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Here's an Easy Way to Estimate Compound Interest

By Maurie Backman - Updated Jul 17, 2019 at 7:04AM

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The more you're able to take advantage of compounding, the more wealth you stand to accumulate.

When we hear the term "millionaire," it's easy to conjure up images of the nation's elite. But believe it or not, there are actually millions of millionaires in the country, and it's not because they all inherited huge fortunes or worked high-powered jobs. Often, accumulating wealth is a simple matter of taking advantage of compounding.

Compound interest is a reward for investing your money. When your money earns interest, that interest is added to your total account value so that when future interest accrues, you're getting interest on the interest you've already earned. It might sound confusing (especially given the number of times we just used the word "interest"), but in its most simplified sense, compound interest is interest on top of interest -- and it's what helps your savings grow. There are a lot of options for earning compound interest, but if you want to know what it'll take to double your money, we have a calculator that uses the Rule of 72 to arrive at an instant answer.

IMAGE SOURCE: GETTY IMAGES.

The Rule of 72

The Rule of 72 is an easy way to determine how long it will take for your investment to double based on a fixed rate of return. To use the rule, simply divide 72 by your anticipated annual return (or your average annual return).

Imagine you have a stock-heavy portfolio. It's fair to assume that your investments will give you an annual 8% rate of return, as that's actually a bit below the stock market's historical average. So if we divide 72 by 8%, we come up with a nine-year window to double our money.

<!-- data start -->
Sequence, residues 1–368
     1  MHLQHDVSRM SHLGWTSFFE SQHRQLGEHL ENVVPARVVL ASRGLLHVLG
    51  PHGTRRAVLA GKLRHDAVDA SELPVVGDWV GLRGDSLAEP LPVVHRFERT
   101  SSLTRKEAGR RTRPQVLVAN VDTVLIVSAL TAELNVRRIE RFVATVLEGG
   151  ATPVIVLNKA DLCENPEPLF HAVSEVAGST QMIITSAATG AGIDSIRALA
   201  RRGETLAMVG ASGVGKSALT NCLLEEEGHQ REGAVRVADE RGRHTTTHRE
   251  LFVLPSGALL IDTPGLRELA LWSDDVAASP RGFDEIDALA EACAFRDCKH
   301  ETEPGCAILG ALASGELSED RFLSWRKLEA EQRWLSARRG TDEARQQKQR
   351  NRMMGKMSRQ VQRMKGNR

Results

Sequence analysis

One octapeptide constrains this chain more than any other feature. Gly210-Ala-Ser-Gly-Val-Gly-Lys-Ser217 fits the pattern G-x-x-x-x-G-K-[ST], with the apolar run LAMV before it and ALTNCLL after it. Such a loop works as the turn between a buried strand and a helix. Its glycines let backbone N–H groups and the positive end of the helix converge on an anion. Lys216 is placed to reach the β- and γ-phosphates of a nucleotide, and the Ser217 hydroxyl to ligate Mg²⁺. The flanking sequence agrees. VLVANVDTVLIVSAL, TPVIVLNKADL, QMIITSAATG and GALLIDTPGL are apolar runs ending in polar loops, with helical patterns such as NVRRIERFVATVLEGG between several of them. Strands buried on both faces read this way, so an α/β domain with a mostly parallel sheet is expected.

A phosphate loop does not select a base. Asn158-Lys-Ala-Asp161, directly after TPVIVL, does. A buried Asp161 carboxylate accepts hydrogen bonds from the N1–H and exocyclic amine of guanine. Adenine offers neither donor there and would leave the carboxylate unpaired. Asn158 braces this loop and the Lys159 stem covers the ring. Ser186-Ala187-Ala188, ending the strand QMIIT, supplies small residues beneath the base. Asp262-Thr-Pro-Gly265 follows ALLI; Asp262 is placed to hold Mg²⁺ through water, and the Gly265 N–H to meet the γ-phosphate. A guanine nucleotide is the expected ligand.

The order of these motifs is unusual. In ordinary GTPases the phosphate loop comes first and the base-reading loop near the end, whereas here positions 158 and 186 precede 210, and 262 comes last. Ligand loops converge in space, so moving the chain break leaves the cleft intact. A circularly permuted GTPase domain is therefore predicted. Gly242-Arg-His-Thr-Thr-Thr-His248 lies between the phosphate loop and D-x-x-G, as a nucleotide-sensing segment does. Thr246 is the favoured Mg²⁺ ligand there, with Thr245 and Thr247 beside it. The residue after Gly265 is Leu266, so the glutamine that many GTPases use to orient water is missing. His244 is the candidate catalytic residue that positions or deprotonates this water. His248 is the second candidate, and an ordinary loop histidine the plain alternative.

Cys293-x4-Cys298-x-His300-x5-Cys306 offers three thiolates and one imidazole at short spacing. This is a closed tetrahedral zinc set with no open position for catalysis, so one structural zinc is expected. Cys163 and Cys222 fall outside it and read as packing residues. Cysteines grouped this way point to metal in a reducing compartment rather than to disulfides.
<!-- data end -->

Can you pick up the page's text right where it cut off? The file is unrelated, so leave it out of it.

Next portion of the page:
While the Rule of 72 is a pretty simple concept, it helps to play around with different investment scenarios to see how long it might take to double the value of your portfolio, and to that end, we have a tool that can help:

* Calculator is for estimation purposes only, and is not financial planning or advice. As with any tool, it is only as accurate as the assumptions it makes and the data it has, and should not be relied on as a substitute for a financial advisor or a tax professional.

To use this tool, simply input the value of your portfolio, your anticipated return, and your marginal tax bracket. From there, our calculator will tell you how long it'll take to double your investments' value.

One thing to keep in mind is that if you're investing with a tax-advantaged retirement account, like an IRA or 401(k), your marginal tax bracket is actually irrelevant. That's because these accounts aren't subject to taxes on earnings year after year. Now if you're using this tool and aren't saving with a tax-advantaged account, you'll need to include your marginal tax rate. Otherwise, you can leave that number at 0%.

Start early, save big

Compounding can be your best friend when it comes to retirement savings, especially if you start putting money aside early on in your career. The more time you give your money to grow, the more sizable a nest egg you stand to build.

But don't take our word for it. Check out the following table, which shows what your savings might grow to depending on when you first start out:

If You Start Saving \$200 a Month at Age...

Here's What You'll Have by Age 65

25

\$622,000

30

\$413,000

35

\$272,000

40

\$175,000

45

\$110,000

TABLE BY AUTHOR. ASSUMES AN AVERAGE ANNUAL 8% RETURN.

As you can see, giving yourself 40 solid years to save allows you to take \$96,000 in base contributions and grow it into \$622,000. That's a \$526,000 gain. But the longer you wait to start saving and investing, the less opportunity you'll have to take advantage of compounding.

One final thing to keep in mind about investing is that the higher a return you're able to generate, the sooner you'll double your money. While stocks certainly aren't the safest investment out there, they've historically delivered some of the highest returns. When you think about how to invest your savings, be sure to weigh the risks involved against the potential upside. Bonds, for example, are typically a far less volatile choice, but they might only deliver half the return of a stock-focused portfolio (if that).

Seeing what it takes to grow your money can help you make smart saving and investment decisions. It pays to run through different scenarios and see how much wealth you might come away with if you play your cards right.

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